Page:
4 Ways Healthcare Workers Can Care for Themselves
Your career as a healthcare worker can involve working with people who are injured, incapacitated or sick. It can be demanding to keep up with the needs of patients who are unable to care for themselves. That’s why you must take the best care of yourself.
It can be challenging to take the time or even remember that self-care is so important in your line of work. Long, demanding hours on the job often mean that you put yourself on the back burner. This can cause you to feel burnt out due to too much stress.
Here are four ways you can provide for yourself physically, mentally, and emotionally so that you can give the best care to your patients.
1. Maintain a Healthy Diet
It can be tempting to reach for a convenient snack or meal from the vending machine during a long shift. That’s fine if the food you choose isn’t loaded with fat or sugar. Consider bringing healthy snacks with you to work, such as yogurt, nuts, fruit and vegetables. If you eat in the cafeteria, choose healthy options that contain whole grains and are low in fat and high in protein. Be sure you drink lots of water on your shift — even though you may need more bathroom breaks, it’s essential that you stay hydrated.
A daily probiotic, multivitamin or eye health supplement can support your healthy eating habits and fill in the gaps where nutrition may be lacking.
2. Use Proper Lifting Techniques
Spending long hours on your feet and lifting heavy equipment or patients takes a toll on your back and joints. Proper lifting techniques can save you from injury. Stand as close as possible to the person or object you’re lifting. As you lift, hold in your abdominal muscles and keep your back straight, using your legs and arms. Distribute the weight as evenly as possible.
If you need assistance, don’t hesitate to ask for help. Hoists can also help prevent injury when they are available.
3. Watch for Signs of Burnout
Medical workers are subject to high levels of stress and long hours on the job. It’s easy to become burned out, and staying alert for the signs is vital. You may notice:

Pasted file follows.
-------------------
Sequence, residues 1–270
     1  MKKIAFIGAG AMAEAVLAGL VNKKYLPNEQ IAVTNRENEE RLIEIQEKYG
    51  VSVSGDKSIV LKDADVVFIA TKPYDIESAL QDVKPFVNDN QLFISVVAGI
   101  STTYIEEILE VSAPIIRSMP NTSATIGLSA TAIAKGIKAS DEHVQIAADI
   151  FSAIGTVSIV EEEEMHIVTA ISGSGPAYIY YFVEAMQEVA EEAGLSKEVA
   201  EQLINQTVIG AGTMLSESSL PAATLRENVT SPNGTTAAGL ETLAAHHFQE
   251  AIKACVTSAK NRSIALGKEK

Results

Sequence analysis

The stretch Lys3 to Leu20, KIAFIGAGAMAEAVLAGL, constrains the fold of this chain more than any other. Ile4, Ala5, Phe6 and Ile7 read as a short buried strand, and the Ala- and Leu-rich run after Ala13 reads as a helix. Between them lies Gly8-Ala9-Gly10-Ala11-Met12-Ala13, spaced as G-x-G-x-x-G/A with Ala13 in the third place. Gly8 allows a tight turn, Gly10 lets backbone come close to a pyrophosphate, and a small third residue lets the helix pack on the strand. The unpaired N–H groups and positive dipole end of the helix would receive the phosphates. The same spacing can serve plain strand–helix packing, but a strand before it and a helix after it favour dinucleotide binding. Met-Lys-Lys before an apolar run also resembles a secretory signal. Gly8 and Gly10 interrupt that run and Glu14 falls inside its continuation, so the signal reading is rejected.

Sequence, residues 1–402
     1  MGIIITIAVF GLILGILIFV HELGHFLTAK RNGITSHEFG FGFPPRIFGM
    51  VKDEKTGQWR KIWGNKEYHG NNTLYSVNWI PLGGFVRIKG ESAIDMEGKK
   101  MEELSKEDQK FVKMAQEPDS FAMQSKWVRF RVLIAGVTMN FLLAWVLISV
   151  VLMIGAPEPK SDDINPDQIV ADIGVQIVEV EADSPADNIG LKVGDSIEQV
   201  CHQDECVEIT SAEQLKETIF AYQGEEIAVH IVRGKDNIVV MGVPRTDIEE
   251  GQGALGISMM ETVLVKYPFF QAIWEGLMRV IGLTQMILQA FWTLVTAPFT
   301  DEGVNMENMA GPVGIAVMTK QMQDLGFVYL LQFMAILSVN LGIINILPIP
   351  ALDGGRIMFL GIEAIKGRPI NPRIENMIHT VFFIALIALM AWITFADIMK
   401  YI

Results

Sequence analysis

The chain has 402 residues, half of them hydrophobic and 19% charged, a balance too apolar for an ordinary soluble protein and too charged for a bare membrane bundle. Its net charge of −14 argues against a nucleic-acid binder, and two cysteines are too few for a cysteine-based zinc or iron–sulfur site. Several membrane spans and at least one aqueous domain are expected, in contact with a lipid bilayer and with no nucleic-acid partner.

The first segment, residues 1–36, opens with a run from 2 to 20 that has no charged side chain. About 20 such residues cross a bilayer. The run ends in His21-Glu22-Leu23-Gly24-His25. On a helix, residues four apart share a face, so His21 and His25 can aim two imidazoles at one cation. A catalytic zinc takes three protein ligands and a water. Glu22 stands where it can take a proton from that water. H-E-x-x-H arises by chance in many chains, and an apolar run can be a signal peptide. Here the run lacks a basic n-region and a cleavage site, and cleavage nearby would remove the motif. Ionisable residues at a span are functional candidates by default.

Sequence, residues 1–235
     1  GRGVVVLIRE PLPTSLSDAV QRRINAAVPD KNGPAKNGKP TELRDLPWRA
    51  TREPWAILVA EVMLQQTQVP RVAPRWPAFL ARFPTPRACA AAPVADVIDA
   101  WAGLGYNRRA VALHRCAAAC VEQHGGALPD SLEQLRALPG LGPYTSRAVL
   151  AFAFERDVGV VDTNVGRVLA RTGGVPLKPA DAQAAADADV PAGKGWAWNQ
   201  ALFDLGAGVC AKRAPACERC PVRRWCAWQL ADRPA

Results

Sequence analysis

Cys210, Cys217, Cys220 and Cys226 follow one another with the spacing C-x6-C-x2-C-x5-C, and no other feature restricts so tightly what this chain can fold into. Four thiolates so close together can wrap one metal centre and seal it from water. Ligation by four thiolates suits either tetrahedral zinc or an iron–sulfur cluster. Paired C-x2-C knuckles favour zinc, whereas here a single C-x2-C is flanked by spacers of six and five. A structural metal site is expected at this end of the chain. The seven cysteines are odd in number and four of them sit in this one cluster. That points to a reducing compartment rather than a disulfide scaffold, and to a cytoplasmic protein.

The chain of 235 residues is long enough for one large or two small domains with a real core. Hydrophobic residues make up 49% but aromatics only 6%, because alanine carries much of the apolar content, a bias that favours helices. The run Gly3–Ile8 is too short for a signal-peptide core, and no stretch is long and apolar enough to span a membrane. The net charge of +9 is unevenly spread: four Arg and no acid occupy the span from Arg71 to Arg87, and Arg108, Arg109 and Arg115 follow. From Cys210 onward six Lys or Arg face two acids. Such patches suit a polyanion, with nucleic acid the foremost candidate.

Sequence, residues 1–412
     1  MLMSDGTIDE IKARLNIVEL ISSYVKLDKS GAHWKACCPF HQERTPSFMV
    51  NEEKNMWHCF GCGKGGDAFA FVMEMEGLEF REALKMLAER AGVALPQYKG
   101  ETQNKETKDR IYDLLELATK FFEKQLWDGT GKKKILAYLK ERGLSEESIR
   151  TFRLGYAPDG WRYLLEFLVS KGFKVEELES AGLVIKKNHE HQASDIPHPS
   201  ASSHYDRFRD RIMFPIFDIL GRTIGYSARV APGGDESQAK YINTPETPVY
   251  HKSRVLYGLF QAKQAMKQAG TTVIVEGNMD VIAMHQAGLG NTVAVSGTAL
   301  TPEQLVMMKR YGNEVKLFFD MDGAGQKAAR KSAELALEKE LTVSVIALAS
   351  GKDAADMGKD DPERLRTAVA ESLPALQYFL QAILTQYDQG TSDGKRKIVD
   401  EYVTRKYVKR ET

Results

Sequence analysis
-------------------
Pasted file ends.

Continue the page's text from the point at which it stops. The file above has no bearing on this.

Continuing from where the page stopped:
- Energy depletion or exhaustion
- Feelings of cynicism toward your job
- Lower resilience
- Disturbed sleep
- Feeling or being less effective at your job
Caring for others, especially those who are very ill or infirm, is hard — particularly when you do so regularly. It can take an emotional toll on healthcare workers. If you’re experiencing signs of burnout, reach out to someone. Confide in a trusted peer, talk to your supervisor about reducing your hours temporarily or permanently, spend time with a friend or family member or talk to a therapist. The best way for you to provide quality care is to first care for yourself.
4. Protect Yourself From Getting Sick
It can seem next to impossible to avoid getting infections, especially if you work directly with patients. It’s crucial to do all you can to protect yourself.
The most important step to defending yourself from germs is washing your hands. Wash thoroughly for 20 seconds, making sure to scrub the entire hand and in between fingers. Wash your hands after tending to patients, handling hazardous materials and using the bathroom. Remember to wash before eating or drinking.
Wear the proper PPE for the task you perform, including face shields, gowns, gloves and masks. Consult with your doctor about vaccines and consider getting ones for which you are eligible. Also, ask your doctor whether you have an increased risk around certain bacteria or viruses. Exposure can be an issue if you are immunocompromised or pregnant.
As a healthcare worker, you devote your life to giving the very best to those you attend to. Although it can be hard to remember sometimes, you deserve the best care as well. If you give your own health and well-being the same value you do for your patients, then you’ll be capable of providing excellent care at work.